Washington has the seventh pick in the 2012 draft and could use that on a quarterback or offensive lineman. A wide receiver taken at that spot make some sense as well.

On the injury front, sack master and outside linebacker Brian Orakpo may be focusing more on his health than playing Scrabble in Geico commercials over the coming weeks. Instead of attending pancake socials, Orakpo will be rehabbing a strained pectoral suffered in the season finale against the Eagles. The standout pass rusher, who said the team needs to focus on rebuilding, finished the season with 59 tackles, a team-leading nine sacks and three forced fumbles.


Raise your hand if you thought Cam Newton would fail in his rookie campaign for the promising Carolina Panthers.

Many -- including yours truly -- were guilty of that assessment and ended up being amazed by the talent and skill set of the 2010 Heisman Trophy Award winner. Newton broke several NFL records this season, including passing yards for a rookie and rushing touchdowns as a quarterback, and has the Panthers optimistic on the future.

"He set a standard, a very high standard for any rookie quarterback coming in, and he wants to improve," Panthers head coach Ron Rivera said. "He's gotten better in so many different areas. His basic fundamentals just continue to get better and better.

"Mentally, he's getting the grasp of this offense. He's understanding defenses better and better, and you're starting to see leadership come out of him. He's really taken his game to next level, and there's so much room for him to grow. He's got such a high ceiling."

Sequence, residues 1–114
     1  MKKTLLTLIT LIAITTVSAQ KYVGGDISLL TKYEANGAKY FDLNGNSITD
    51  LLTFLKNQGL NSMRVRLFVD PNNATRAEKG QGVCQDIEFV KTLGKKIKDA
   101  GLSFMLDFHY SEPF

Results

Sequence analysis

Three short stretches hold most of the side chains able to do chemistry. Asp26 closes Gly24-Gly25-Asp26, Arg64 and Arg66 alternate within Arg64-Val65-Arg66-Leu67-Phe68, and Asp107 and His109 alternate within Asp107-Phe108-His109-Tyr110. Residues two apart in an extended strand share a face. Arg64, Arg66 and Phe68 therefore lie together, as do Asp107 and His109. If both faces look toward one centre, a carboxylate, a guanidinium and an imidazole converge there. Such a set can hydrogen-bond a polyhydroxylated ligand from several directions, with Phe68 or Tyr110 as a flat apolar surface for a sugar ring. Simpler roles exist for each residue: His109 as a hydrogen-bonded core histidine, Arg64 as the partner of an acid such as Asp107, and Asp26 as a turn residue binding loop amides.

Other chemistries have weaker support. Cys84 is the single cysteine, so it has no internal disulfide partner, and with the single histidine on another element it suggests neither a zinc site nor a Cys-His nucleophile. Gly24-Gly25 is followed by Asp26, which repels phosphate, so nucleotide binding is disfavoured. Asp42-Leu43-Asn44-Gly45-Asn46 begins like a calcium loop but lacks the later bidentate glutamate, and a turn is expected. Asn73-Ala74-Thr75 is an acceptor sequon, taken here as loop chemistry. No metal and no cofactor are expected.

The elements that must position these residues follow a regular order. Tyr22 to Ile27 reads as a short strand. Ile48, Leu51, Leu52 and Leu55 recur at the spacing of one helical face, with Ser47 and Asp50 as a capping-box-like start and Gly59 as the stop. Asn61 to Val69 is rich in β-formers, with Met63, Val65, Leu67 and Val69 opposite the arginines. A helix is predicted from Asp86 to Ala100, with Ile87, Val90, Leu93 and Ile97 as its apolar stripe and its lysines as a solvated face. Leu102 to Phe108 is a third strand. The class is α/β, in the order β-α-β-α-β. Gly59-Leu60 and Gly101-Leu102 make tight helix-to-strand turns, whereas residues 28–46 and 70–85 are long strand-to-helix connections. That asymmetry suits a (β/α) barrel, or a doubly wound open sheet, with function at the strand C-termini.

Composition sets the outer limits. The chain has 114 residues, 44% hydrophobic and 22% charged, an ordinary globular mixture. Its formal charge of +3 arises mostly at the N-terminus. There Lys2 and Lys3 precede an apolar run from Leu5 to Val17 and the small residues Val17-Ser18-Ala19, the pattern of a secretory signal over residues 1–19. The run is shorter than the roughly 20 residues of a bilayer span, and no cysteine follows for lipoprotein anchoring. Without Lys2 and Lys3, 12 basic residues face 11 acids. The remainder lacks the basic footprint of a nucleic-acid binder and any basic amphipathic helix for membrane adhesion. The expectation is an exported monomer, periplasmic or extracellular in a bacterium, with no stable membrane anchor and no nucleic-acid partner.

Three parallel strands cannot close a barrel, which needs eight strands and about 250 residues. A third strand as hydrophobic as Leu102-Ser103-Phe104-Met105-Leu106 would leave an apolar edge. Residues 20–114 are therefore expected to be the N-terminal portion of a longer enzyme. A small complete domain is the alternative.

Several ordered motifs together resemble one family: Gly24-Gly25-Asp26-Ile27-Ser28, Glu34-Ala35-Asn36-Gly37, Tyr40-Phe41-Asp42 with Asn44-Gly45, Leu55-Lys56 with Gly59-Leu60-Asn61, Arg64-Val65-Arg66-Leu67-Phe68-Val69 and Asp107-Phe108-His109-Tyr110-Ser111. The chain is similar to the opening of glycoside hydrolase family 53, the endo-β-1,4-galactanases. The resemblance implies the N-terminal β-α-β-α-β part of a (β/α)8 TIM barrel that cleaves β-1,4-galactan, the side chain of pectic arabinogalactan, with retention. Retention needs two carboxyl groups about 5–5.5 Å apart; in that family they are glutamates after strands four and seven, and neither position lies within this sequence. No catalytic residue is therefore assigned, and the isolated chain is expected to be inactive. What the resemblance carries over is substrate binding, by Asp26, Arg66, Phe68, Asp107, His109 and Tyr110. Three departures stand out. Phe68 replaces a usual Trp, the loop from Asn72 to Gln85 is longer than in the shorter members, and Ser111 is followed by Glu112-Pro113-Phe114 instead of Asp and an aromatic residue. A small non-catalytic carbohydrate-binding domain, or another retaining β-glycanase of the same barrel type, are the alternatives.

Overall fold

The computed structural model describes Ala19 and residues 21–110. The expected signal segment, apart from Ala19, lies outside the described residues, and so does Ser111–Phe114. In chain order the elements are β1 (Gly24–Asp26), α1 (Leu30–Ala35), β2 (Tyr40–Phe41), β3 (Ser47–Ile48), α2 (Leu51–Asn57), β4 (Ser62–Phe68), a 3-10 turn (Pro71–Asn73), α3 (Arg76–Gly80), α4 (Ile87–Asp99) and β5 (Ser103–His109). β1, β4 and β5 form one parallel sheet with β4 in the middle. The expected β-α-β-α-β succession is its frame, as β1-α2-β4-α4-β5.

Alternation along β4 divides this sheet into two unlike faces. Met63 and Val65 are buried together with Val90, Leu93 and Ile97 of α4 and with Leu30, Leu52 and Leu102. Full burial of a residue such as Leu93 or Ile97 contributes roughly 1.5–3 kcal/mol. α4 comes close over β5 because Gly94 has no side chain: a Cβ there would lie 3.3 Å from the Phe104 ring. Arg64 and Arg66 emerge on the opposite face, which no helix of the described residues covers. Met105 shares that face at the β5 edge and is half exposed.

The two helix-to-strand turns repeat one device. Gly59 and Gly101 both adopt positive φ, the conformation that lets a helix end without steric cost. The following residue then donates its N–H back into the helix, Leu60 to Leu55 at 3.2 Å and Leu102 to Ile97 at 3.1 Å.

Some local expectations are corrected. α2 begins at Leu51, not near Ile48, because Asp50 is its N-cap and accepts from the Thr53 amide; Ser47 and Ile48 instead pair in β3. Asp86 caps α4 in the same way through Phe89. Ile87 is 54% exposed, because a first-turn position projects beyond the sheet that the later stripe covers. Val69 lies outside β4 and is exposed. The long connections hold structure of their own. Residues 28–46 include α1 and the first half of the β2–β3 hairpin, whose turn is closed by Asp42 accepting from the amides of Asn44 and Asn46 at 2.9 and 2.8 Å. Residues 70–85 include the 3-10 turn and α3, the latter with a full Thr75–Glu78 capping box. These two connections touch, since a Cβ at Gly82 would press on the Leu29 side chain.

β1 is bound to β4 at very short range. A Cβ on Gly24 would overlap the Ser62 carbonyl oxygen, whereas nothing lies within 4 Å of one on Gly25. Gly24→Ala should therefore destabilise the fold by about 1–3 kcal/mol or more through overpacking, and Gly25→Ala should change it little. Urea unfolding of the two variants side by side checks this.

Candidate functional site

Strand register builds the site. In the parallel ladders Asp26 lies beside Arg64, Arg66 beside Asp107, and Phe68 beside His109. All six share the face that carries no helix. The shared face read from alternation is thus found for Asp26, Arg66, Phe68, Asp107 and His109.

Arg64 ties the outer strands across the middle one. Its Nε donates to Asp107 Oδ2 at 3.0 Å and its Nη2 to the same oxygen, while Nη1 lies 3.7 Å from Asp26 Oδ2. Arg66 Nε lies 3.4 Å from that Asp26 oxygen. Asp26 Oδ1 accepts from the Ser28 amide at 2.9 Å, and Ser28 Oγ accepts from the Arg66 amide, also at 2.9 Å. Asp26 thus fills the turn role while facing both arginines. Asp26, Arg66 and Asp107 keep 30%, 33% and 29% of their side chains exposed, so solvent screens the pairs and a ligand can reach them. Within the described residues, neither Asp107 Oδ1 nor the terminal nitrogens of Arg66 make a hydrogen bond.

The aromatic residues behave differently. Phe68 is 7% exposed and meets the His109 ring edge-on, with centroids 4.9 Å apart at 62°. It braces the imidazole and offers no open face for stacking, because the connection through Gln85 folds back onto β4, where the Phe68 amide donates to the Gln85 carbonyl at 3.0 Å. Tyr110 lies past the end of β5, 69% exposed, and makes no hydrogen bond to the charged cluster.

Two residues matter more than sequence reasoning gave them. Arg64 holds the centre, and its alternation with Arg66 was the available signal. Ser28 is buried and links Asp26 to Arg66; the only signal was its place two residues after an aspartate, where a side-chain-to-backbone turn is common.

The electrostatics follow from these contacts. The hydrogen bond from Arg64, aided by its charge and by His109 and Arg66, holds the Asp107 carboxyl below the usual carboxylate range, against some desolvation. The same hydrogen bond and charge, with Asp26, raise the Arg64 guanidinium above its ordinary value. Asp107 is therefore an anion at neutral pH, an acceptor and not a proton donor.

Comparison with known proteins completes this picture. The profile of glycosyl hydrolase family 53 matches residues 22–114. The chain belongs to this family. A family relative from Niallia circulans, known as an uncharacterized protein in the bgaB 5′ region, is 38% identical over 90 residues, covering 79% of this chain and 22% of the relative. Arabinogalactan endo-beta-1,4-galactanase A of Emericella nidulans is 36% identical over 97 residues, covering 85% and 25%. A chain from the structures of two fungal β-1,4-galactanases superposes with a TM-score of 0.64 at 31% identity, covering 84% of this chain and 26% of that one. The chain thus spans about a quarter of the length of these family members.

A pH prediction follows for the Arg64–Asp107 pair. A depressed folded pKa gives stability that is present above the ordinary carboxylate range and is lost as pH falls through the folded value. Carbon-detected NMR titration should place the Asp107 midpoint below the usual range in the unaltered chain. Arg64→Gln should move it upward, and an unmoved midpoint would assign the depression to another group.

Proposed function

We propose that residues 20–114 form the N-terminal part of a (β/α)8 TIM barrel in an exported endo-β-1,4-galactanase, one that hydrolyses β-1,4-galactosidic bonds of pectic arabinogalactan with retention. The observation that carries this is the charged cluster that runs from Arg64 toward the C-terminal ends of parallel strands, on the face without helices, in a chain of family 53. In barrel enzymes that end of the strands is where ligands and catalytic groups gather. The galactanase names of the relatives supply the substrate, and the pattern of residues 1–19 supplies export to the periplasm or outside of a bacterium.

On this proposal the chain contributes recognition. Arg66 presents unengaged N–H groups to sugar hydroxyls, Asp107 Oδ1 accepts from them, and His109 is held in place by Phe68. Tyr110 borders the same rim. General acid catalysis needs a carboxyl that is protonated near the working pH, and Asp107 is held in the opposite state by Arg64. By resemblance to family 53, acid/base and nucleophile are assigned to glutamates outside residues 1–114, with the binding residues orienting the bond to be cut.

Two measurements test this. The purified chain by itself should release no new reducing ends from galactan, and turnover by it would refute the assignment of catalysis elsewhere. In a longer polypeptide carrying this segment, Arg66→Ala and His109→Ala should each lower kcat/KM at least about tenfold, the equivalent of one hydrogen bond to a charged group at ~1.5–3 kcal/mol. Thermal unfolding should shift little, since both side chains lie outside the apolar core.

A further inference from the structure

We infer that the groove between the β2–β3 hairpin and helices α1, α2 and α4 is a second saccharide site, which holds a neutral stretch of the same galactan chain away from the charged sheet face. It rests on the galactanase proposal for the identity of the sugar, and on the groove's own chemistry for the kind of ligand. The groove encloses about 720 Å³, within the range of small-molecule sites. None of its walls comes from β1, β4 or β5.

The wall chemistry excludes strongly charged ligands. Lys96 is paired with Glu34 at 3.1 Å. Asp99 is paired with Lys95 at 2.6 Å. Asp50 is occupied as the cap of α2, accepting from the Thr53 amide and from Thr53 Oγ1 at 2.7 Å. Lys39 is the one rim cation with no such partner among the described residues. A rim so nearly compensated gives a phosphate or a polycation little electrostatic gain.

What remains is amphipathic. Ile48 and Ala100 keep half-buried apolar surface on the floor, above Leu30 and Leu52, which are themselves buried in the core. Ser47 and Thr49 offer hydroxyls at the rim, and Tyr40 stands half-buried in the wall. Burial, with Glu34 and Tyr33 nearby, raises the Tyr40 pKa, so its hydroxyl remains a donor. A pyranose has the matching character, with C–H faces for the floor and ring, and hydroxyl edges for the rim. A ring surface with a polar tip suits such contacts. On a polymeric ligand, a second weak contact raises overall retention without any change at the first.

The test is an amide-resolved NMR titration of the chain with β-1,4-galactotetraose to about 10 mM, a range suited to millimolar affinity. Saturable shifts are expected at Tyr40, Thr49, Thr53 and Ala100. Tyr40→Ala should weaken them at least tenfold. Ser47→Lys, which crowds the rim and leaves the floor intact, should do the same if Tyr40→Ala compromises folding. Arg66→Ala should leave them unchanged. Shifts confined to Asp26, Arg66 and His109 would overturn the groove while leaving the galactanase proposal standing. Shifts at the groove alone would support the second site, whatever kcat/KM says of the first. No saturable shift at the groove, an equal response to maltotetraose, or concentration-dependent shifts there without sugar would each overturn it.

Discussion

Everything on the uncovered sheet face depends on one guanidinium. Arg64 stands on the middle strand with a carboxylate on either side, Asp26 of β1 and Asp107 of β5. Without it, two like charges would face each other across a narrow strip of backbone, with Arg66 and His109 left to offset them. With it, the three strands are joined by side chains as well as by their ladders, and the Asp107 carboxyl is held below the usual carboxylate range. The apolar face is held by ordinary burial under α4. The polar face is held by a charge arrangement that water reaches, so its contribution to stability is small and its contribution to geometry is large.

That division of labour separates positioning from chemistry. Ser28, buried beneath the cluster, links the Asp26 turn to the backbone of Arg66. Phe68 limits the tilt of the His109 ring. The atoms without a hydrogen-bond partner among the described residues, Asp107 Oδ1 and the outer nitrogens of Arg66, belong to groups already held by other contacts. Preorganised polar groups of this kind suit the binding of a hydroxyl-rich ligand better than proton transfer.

The Panthers still finished with a 6-10 record in Newton's rookie season, and he said he learned to appreciate the game even more after surviving a 16-game schedule at the highest level of competition. He vows to stay true to his work regimen this offseason and believes the season is not over yet for him, even though the Panthers are out of the playoffs for the third consecutive year and fifth time in the past six seasons.

Carolina's draft position has yet to be determined, but taking a player on any side of the ball would work. The Panthers will be even more dangerous in 2012 if running backs DeAngelo Williams and Jonathan Stewart can bounce back from somewhat down seasons and linebacker Jon Beason returns at full strength.


With the fifth overall pick in April's NFL Draft, the Tampa Bay Buccaneers will not be able to select a head coach. They will have a man in charge by then, but hope not to pick from that spot ever again.

Quarterback is not a position which the Bucs need to address even though an awful season by Josh Freeman helped lead to the firing of head coach Raheem Morris, who should find work right away with his knowledge and reputation. His influence was hardly absorbed by the Tampa players in a terrible finish following a 4-2 start, however. Losing 10 games to close out a season would send any owner or chairman into a tirade, as Morris learned the hard way.

"I have a lot of respect and appreciation for the passion coach Morris gave to our football team, but this change is one we felt was necessary," Buccaneers General Manager Mark Dominik said in a release on Monday.